Now comes a fresh start, and the cupboard is far from bare as Hammock takes control.

“Defensively, I think our upperclassmen are guys that have experience, that have played in big games, so we’re gonna lean on those guys with their experience and leadership qualities,” Hammock said. “It’s something that at least early in the season, when we play the games that we have on our schedule, defensively I feel good about the strength of the upperclassmen.”

In keeping with its “Hard Way” ethos, NIU will rely on its defense and its run game to continue its championship pedigree. It is the only way the former Huskies running back would have it.

Biggest on-field question

Despite winning the MAC last season, NIU lost six games. Though three of those defeats came at the hands of Power 5 opponents, the Huskies even in several wins left a lot to be desired on offense. The numbers, laid bare: 124th nationally in total offense, 127th in yards per play, 121st in scoring, 116th in passing efficiency.

NIU scored seven or fewer points four times. That cannot happen again, and improvement starts with better play from both the quarterbacks and the receivers, something that Hammock did not sugarcoat when asked about the state of the skill guys.


New head coach Thomas Hammock is a former Huskies running back. (Courtesy of NIU Athletics)
“That’s certainly something in the spring that we had identified as an area that needs to improve,” Hammock said. “When you talk about the quarterback position, they gotta have guys that they can throw to and rely upon. So what I would explain to our freshmen is, there’s an opportunity to come in and compete. I think the skill positions are positions that young guys can come in and make big contributions, along with the guys in the program.

“I think we got some young guys that are gonna have a chance to develop and compete early, and we’ll come out with the four to five best wide receivers, and then come out with the three to four best running backs, come out with the best two to three tight ends that give us the best chance to have explosive plays along with the ability to be sound fundamentally and execute offensively.”

Marcus Childers is back at quarterback, although not without some competition. And the running backs — despite NIU faring just 70th nationally in rushing last season — are talented and have the chance to take a lot of the pressure off the passing game.

As for those freshmen who could make a difference? Look no further than this rookie receiving class of Fabian McCray, Mohamed Toure, Michael Love and Messiah Travis, the first three of whom were three-star signees.

Love, the brother of recent Giants draft pick Julian Love, is worth keeping an eye on, as the speedster lined up all over the field while at Nazareth (Ill.) High.

Depth chart analysis

Quarterbacks: Marcus Childers returns as a two-year starter who enters his redshirt junior campaign as a career 58 percent passer with 3,849 passing yards and 1,004 rushing yards to his name. He has thrown for 31 touchdowns against 15 interceptions and has added 11 more scores on the ground. However, he finished last (10th) among qualified players in the MAC in yards per attempt (5.5) last season and was outside the top 100 nationally in passing efficiency.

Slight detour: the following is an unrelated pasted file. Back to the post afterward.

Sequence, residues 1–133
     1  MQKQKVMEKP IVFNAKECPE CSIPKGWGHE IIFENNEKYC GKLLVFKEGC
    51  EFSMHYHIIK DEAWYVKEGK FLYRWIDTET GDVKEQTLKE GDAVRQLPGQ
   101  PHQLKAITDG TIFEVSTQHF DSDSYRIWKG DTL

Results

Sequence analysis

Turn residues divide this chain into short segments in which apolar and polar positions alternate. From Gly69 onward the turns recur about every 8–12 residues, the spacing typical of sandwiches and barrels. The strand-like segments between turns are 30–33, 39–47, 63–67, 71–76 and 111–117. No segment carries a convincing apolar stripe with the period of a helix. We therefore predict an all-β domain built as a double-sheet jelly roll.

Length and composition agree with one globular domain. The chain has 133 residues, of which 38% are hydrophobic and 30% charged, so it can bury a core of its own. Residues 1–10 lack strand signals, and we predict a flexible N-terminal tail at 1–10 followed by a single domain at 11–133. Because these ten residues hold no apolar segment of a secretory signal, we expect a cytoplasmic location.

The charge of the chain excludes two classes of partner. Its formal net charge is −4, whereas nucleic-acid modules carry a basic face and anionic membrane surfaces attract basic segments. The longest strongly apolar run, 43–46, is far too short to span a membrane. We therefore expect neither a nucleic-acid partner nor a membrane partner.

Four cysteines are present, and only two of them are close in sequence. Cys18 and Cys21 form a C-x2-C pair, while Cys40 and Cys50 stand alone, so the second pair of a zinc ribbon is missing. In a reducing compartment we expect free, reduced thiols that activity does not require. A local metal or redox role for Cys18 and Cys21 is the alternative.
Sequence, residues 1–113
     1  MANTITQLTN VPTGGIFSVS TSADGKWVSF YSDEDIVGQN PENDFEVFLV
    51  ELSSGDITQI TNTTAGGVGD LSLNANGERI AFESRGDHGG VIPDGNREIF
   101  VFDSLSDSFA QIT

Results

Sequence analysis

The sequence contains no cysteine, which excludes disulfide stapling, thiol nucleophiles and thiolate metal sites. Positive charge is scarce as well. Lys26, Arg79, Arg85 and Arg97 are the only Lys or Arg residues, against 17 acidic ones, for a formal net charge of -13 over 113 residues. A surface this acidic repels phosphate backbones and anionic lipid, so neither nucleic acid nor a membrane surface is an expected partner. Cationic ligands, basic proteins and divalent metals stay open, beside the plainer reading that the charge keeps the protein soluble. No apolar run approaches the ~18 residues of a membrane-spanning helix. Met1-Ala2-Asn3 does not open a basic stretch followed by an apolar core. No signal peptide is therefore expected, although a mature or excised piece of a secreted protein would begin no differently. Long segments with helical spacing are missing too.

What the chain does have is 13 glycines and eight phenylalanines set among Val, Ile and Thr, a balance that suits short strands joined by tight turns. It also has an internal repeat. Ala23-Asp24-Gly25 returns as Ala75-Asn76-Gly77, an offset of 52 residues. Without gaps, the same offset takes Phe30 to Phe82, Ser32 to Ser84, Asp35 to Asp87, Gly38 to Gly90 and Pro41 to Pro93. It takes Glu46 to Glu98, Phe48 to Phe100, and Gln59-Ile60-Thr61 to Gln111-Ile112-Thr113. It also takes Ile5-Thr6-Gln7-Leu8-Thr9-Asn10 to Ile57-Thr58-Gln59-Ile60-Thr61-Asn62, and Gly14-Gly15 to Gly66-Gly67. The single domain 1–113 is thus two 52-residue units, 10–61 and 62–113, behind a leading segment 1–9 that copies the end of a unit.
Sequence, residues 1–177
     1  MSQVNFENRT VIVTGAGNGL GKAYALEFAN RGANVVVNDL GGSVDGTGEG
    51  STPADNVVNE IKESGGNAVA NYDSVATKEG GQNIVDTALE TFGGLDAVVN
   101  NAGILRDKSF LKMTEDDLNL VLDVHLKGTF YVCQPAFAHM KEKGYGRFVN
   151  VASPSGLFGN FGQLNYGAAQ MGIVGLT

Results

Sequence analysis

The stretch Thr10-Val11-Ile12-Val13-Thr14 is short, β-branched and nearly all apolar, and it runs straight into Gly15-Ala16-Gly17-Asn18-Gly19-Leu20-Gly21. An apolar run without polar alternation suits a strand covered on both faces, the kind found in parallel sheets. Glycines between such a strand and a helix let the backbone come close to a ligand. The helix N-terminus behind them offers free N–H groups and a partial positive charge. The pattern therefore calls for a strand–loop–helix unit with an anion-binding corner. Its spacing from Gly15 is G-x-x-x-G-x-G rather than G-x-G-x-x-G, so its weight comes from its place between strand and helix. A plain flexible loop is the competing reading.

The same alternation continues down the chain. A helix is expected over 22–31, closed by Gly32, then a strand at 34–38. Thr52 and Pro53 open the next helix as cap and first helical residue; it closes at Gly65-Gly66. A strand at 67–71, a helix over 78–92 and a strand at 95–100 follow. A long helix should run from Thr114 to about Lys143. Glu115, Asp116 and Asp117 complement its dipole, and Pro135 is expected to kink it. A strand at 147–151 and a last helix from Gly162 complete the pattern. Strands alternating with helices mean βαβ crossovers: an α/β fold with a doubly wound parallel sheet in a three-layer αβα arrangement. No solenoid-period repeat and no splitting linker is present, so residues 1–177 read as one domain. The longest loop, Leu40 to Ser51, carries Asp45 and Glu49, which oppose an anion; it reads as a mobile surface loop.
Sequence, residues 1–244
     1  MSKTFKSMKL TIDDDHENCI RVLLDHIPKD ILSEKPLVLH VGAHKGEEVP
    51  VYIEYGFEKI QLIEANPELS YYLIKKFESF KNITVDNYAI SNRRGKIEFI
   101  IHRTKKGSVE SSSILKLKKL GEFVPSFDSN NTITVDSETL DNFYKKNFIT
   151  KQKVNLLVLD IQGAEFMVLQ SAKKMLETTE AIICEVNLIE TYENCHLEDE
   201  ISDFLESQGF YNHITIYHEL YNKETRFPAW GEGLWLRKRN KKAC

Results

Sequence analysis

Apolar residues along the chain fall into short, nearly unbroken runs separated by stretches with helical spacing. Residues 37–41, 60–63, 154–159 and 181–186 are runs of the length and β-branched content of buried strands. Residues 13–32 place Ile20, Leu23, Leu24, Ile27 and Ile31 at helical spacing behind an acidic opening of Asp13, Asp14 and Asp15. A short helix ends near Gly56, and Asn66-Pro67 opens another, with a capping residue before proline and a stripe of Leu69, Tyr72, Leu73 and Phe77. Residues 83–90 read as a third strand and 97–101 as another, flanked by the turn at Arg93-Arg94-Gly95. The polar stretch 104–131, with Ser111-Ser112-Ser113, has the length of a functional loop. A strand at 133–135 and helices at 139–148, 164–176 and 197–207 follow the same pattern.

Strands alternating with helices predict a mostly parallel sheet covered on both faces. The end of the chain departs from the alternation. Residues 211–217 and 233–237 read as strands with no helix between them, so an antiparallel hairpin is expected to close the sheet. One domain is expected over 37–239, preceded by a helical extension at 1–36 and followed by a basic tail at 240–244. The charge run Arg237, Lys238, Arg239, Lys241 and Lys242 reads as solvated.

Childers’ coming-of-age moment was in the MAC title game, when he was named offensive MVP after throwing for a career-best 300 yards and four touchdowns and rushing for 58 rushing yards in leading the Huskies back from a 19-point second-half deficit. He could have some competition in the form of Cal grad transfer Ross Bowers, who is immediately eligible and has two years remaining. Bowers, more of a pocket passer, threw for 3,039 yards, 18 touchdowns and 12 interceptions as Cal’s starter in 2017 but lost the job and attempted only 17 passes last year.

The overall depth here should be better after Childers barely came off the field last season. Fellow redshirt junior Anthony Thompson saw brief action the past two years as a reserve. NIU signed three-star dual-threat quarterback Mariano Valenti from St. Thomas Aquinas in Fort Lauderdale, Fla., in the 2019 cycle.

Running backs: Tre Harbison, who originally signed with Virginia, returns for his redshirt junior season, and he will try to top a second-team All-MAC campaign in which he tallied 1,034 yards and five touchdowns, becoming NIU’s first 1,000-yard rusher since 2015. Redshirt senior Marcus Jones (527 yards, four touchdowns last year) and redshirt sophomore Jordan Nettles (217 yards) are back behind Harbison. Harbison is a bigger back at 5-foot-11, 227 pounds, while Jones is 5-8, 199 pounds, and Nettles is 5-9, 181 pounds.

Beyond those three, depth is shaky after a pair of transfers: The Huskies have just two other running backs on the roster, and both are walk-ons (redshirt freshman Rahveon Valentine and true freshman Rondarius Gregory). Childers, the quarterback, finished as NIU’s second-leading rusher last season.


Tre Harbison rushed for 1,034 yards and five TDs as a sophomore. (Chris Nicoll / USA Today)
Wide receivers/tight ends: This unit is probably as open as it gets on the roster, which should be a good thing for a Huskies offense that struggled to make big plays in the passing game.

Both of the top pass catchers from last season are gone, although redshirt senior Spencer Tears (40 catches, 422 yards) is back and trying to build off his huge performance in the MAC title game, when he caught two touchdowns. Redshirt sophomores Cole Tucker (18 catches, 156 yards) and Dennis Robinson (15 catches, 139 yards, one touchdown) are back, too. Aside from that, NIU will be relying mostly on newcomers.

Former quarterback Rodney Hall, now in his redshirt freshman season, has moved to receiver. The Huskies signed six receivers this past cycle, with Chicago product Fabian McCray entering as the program’s highest-rated 2019 recruit. Fellow freshman Michael Love is a jack of all trades who will get his first college chance at receiver.